A Royal Astronomical Society Specialist Discussion Meeting, organised by Colin Wilson (Oxford), Richard Ghail (Imperial)
Venus is our most Earth-like twin, from a geological standpoint: it is very similar in size and probably in bulk composition, and it is very likely to be geologically active today. Our knowledge of Venus geology is based almost entirely on the Magellan orbiter’s radar instrument, designed over three decades ago; modern radar instruments offer vastly improved capabilities.
The UK-led EnVision radar orbiter is now one of three finalists in ESA’s M5 mission selection process, and carries a suite of instruments including a UK-led radar that will offer far higher spatial and radiometric resolution, flexible operation modes including polarimetry and spotlight high resolution imagery, and cm-scale change detection using differential interferometry. Together with a subsurface sounder and a UV-IR spectrometry suite, this mission offers unprecedented opportunities to establish Venus’ current and past geological state.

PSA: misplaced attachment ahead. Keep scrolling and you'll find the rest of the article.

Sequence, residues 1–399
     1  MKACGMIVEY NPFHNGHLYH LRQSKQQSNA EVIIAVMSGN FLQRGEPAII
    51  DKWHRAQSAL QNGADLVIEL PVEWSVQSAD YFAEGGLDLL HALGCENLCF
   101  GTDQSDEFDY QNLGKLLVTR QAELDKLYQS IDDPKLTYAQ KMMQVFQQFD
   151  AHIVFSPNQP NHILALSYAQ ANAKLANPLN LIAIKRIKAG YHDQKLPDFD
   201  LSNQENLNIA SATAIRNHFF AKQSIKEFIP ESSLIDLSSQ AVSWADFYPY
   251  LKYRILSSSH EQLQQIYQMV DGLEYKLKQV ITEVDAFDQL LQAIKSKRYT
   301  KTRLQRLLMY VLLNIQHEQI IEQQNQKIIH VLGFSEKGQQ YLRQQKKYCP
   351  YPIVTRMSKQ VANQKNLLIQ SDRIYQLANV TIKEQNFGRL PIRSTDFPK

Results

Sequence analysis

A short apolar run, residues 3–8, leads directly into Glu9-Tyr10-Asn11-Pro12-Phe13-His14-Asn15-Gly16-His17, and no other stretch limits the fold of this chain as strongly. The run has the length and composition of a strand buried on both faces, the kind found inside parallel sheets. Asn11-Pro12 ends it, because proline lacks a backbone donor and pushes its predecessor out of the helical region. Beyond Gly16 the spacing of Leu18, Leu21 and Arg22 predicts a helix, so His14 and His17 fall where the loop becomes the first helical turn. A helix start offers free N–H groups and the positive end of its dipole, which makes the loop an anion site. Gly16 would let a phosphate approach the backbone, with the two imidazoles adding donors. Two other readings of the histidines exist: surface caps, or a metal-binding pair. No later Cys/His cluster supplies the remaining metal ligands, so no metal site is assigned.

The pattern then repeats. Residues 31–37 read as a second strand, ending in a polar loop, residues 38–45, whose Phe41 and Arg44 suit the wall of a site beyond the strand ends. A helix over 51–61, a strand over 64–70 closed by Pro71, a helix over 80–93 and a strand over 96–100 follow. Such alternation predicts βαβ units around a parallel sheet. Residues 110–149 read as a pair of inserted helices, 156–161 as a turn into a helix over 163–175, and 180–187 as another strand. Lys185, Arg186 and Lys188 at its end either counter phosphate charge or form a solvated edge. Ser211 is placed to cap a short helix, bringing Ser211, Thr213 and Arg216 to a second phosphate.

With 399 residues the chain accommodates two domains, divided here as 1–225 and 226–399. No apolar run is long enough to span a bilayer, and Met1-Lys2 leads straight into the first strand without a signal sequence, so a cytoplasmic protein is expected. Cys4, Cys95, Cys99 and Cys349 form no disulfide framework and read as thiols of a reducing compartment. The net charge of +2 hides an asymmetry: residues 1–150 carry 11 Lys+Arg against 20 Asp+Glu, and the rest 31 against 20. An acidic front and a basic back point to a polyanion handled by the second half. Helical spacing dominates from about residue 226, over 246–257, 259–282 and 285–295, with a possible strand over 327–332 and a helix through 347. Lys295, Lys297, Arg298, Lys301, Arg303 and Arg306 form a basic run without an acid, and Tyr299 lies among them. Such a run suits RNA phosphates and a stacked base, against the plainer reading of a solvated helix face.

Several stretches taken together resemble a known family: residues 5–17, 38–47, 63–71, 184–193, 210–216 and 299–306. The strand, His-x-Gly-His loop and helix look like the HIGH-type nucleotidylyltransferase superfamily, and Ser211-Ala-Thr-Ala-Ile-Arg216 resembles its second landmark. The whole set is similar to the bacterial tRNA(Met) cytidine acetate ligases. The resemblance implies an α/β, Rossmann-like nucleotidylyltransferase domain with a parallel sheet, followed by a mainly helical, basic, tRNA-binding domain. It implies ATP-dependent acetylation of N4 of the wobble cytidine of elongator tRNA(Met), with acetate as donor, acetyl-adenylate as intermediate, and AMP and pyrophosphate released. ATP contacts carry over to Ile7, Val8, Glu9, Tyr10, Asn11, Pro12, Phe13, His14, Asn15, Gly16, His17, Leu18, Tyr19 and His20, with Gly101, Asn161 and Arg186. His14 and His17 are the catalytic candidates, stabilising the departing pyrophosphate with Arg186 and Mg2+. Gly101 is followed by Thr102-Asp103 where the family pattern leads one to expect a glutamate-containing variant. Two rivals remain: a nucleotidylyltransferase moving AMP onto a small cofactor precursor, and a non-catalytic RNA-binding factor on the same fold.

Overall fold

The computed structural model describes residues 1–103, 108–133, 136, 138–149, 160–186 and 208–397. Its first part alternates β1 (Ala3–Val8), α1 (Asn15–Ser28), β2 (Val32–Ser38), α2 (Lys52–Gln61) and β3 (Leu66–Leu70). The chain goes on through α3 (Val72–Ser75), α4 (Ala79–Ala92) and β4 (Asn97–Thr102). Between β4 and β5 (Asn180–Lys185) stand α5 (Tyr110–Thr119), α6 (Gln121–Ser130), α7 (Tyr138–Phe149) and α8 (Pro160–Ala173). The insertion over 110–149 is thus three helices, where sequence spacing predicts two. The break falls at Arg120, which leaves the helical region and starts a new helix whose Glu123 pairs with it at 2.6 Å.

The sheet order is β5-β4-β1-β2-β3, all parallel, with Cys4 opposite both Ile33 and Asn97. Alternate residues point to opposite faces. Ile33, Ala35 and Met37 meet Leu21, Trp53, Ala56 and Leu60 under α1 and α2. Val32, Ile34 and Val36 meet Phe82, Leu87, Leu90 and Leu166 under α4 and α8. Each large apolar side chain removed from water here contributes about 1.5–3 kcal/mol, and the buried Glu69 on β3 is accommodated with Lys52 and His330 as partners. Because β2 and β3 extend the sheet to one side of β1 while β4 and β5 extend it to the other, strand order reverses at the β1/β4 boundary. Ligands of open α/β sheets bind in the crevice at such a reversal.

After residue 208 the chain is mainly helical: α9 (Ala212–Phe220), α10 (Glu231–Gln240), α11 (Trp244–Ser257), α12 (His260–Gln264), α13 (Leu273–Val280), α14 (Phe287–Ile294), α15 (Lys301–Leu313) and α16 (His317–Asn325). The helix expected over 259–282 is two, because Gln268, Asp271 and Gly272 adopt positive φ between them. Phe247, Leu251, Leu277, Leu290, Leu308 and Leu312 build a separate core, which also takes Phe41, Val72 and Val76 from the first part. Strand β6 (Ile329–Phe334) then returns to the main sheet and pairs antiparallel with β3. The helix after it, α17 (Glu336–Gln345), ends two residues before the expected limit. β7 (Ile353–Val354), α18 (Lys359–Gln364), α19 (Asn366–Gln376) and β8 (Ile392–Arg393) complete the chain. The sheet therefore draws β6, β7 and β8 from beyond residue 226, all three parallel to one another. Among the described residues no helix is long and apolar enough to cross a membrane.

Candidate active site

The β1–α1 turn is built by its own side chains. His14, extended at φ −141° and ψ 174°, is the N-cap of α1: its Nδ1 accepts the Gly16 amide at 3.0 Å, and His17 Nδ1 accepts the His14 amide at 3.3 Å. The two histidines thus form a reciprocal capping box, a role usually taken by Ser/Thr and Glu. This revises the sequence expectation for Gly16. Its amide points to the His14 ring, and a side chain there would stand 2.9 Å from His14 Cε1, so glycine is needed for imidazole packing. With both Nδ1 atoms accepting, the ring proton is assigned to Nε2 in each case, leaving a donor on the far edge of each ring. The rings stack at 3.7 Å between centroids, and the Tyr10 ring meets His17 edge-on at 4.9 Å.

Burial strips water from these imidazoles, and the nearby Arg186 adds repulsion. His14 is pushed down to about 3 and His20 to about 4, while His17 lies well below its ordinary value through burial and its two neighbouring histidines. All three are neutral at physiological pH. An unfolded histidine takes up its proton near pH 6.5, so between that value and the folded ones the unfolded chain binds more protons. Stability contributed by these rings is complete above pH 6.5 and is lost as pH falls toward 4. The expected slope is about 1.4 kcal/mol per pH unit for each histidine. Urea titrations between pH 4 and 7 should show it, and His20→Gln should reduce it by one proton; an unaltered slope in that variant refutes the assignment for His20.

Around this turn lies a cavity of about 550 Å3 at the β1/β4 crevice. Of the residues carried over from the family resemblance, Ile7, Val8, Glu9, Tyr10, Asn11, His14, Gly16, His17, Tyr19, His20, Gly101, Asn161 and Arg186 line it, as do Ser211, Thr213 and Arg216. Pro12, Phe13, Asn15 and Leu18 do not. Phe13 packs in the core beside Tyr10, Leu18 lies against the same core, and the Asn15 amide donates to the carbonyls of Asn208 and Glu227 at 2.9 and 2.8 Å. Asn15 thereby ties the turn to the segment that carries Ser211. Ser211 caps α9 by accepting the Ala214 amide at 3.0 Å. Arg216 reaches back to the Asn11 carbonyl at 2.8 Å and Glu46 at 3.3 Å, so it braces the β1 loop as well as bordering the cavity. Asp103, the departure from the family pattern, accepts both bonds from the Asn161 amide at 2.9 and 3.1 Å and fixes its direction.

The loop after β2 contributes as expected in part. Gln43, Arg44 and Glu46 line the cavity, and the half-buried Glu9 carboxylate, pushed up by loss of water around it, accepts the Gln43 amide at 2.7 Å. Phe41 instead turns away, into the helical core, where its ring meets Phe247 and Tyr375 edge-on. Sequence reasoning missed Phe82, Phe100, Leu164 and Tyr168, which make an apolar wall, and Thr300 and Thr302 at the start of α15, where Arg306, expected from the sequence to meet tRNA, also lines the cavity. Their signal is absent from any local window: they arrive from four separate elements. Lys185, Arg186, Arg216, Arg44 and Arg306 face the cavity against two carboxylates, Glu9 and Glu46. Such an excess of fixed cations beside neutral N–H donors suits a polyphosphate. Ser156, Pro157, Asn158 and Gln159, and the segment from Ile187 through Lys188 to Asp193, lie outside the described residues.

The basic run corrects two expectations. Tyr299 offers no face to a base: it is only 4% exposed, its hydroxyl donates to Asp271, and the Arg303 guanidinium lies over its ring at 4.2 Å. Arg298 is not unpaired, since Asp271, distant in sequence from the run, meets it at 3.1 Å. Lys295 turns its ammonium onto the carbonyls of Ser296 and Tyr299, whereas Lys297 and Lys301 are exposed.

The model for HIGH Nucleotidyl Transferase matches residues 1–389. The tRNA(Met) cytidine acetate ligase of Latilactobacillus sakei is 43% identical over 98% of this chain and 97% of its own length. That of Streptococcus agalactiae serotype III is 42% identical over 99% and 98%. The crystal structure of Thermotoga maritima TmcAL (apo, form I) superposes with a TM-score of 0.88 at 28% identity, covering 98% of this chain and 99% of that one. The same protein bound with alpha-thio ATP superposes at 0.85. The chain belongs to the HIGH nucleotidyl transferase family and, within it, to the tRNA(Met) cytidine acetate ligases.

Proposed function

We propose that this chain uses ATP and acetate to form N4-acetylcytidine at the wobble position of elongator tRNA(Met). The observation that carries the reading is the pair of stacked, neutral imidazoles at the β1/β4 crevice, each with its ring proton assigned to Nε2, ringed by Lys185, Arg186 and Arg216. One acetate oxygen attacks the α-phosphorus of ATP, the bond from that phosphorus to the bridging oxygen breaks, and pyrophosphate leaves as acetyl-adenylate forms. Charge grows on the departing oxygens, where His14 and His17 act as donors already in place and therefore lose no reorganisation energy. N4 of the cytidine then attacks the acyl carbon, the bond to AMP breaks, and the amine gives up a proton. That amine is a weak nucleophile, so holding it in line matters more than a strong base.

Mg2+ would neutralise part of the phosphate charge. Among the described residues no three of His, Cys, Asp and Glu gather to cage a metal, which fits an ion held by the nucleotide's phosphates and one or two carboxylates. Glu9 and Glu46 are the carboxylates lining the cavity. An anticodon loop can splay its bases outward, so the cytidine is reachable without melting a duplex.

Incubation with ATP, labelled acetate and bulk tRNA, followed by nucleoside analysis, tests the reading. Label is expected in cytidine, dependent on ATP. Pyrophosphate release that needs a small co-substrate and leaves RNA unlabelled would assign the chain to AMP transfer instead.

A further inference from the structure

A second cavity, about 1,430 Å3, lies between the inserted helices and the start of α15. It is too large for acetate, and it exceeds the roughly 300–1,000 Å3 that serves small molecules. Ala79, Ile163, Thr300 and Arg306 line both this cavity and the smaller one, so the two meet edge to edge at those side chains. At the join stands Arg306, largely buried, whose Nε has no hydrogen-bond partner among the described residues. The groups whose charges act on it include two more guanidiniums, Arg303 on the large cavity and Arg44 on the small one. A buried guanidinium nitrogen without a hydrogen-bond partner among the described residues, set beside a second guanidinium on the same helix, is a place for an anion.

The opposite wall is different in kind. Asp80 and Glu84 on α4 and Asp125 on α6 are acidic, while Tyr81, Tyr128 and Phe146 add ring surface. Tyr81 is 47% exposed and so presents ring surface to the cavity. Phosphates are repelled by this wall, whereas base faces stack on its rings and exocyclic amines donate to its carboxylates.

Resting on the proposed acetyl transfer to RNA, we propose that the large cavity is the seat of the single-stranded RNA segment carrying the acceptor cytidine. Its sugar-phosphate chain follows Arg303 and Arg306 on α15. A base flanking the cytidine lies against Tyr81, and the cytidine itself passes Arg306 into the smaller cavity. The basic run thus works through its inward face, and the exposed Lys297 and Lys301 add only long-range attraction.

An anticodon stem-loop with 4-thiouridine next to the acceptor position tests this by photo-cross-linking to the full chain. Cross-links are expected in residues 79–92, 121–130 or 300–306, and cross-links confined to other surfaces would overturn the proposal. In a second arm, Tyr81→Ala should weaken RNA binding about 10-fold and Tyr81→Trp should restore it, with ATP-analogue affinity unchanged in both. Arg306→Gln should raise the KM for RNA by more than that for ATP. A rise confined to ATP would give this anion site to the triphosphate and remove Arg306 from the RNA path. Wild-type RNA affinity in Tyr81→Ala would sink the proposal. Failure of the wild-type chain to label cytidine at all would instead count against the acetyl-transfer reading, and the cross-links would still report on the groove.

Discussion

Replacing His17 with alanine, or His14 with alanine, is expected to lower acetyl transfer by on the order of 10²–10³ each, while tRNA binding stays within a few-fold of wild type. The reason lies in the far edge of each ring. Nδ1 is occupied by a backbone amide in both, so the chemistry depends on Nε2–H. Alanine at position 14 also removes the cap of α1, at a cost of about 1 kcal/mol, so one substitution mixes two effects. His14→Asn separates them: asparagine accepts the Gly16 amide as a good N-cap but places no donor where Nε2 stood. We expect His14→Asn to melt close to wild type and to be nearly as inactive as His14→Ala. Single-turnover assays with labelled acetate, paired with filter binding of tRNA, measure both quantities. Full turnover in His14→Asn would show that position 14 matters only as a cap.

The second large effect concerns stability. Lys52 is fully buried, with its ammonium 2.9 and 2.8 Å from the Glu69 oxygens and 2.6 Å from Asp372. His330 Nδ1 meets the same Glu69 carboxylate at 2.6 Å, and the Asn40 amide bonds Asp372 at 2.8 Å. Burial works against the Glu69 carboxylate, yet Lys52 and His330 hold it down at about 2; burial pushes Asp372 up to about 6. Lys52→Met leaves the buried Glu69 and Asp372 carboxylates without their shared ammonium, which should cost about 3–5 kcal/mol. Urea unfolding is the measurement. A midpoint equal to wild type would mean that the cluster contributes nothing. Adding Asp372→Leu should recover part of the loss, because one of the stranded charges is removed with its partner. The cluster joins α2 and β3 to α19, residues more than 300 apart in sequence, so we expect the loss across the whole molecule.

The science case is broad: to measure current volcanic, seismic, atmospheric and climatic activity; deduce its geological history to understand how and why Venus and Earth became so different; identify volatile sources and sinks; and infer its interior structure and dynamics. This meeting is the opportune moment for anyone with an interest in Earth and/or planetary science to find out more about the mission and how to contribute to its science goals and ultimate success. More information about EnVision can be found at envisionvenus.net/resources
Admission to Specialist Discussion Meetings is free to RAS Fellows, £15 for non-fellows (£5 for students), cash or cheque only, collected at the registration desk. Admission to the subsequent Open (Monthly A&G) Meeting of the Royal Astronomical Society is open to all, at no charge